Non-Hispanic Black people have a higher risk of cardiovascular (CV) events than those of other races or ethnicities; however, it was unclear why they differ in their susceptibility to early subclinical atherosclerosis. For a study, researchers sought to understand how race and ethnicity affect young, socioeconomically disadvantaged persons’ early subclinical atherosclerosis.
The study included 436 adults (parents/caregivers and staff) with a mean age of 38.0±11.1 years, 82.3% female, 66% self-reported as Hispanic, and 34% self-reported as non-Hispanic Black, recruited in the FAMILIA (Family-Based Approach in a Minority Community Integrating Systems-Biology for Promotion of Health) trial from 15 Head Start preschools in Harlem (a neighborhood in New York, New York, USA). Bilateral carotid and femoral 3-dimensional were performed on these patients. In addition, the 10-year Framingham CV risk score was generated, and multivariable logistic and linear regression models were used to investigate the association between race/ethnicity and the existence and severity of subclinical atherosclerosis.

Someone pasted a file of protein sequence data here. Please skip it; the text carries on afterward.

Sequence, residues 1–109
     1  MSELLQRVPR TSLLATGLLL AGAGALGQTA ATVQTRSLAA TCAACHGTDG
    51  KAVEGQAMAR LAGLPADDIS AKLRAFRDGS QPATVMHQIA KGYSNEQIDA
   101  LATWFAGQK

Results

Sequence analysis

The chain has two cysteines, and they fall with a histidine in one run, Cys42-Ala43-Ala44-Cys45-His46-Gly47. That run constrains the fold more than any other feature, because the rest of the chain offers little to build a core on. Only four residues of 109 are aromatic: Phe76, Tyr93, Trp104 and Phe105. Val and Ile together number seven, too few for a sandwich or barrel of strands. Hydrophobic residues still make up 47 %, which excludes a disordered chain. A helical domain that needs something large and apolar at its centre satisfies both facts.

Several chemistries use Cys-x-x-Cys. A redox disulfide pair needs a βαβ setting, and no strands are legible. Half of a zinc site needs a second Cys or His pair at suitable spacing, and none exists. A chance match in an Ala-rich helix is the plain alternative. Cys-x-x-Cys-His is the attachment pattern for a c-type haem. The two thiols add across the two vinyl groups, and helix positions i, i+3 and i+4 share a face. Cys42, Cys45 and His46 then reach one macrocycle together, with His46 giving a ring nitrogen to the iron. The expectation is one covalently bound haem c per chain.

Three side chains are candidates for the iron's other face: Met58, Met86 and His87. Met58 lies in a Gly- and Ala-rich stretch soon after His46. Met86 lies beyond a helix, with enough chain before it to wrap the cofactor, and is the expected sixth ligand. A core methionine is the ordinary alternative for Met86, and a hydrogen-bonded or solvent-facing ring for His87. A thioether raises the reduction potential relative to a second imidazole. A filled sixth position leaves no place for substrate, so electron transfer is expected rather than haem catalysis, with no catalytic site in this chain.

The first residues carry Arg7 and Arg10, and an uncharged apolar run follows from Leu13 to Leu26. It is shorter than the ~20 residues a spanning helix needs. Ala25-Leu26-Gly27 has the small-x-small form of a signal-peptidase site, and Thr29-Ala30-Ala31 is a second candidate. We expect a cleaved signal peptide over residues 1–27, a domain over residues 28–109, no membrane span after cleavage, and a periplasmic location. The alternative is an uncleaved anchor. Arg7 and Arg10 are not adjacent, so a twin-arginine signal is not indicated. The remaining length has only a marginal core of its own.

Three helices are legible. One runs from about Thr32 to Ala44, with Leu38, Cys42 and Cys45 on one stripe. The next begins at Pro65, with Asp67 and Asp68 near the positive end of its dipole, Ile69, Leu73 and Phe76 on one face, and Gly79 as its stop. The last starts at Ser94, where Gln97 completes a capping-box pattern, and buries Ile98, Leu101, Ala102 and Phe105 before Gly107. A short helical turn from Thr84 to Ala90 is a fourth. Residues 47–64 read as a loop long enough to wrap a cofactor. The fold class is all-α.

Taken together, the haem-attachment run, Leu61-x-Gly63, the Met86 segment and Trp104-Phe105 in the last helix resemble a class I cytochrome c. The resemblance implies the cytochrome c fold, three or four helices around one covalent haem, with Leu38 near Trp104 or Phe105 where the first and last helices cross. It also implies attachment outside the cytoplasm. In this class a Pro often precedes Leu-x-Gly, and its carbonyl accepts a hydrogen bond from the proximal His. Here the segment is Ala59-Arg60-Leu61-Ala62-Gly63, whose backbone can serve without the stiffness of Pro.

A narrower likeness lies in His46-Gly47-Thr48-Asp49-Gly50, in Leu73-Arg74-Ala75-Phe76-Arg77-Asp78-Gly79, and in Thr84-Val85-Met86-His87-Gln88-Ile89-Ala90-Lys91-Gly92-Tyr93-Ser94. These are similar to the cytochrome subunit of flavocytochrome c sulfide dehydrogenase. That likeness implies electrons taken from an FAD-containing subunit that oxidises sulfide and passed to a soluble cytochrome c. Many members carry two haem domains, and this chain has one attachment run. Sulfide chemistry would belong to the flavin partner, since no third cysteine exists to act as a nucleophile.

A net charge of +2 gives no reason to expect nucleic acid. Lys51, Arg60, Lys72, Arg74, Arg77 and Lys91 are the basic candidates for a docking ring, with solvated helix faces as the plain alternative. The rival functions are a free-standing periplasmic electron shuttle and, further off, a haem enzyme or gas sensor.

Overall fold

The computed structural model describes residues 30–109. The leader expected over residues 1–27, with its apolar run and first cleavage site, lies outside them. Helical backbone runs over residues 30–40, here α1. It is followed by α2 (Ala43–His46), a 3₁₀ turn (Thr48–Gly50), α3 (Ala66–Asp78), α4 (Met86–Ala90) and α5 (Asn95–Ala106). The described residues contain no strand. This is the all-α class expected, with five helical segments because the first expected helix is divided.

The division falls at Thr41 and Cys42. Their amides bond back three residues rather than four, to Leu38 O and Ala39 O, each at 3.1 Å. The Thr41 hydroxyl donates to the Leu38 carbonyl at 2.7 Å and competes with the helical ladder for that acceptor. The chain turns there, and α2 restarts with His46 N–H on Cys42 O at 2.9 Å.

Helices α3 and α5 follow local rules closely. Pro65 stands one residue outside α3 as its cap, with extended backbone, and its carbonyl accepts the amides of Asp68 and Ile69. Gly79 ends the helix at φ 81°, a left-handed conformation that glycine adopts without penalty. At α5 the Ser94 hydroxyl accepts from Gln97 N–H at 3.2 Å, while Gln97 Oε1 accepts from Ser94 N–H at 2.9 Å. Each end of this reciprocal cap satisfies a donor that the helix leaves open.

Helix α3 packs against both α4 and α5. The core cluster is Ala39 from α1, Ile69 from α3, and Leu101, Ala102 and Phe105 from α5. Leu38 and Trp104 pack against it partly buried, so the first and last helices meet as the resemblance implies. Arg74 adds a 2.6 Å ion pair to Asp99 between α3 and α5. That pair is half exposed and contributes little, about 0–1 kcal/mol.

There were no variations in the mean 10-year Framingham CV risk (which was 4.0%) according to race or ethnicity. Overall, non-Hispanic Blacks (12.9%) had a considerably greater prevalence of subclinical atherosclerosis than the Hispanic group (6.6% ). Non-Hispanic Black people were more likely than Hispanic people to have subclinical atherosclerosis (OR: 3.45; 95% CI: 1.44-8.29; P=0.006) and multiterritorial disease (P=0.026) after accounting for the 10-year Framingham CV risk score, body mass index, fruit and vegetable consumption, physical activity, and employment status.
Non-Hispanic Black younger adults appear more susceptible to early subclinical atherosclerosis than their Hispanic peers after adjusting for classic CV risk, lifestyle, and socioeconomic factors. The finding raised the possibility that there were new or unidentified CV factors underlying the residual excess risk.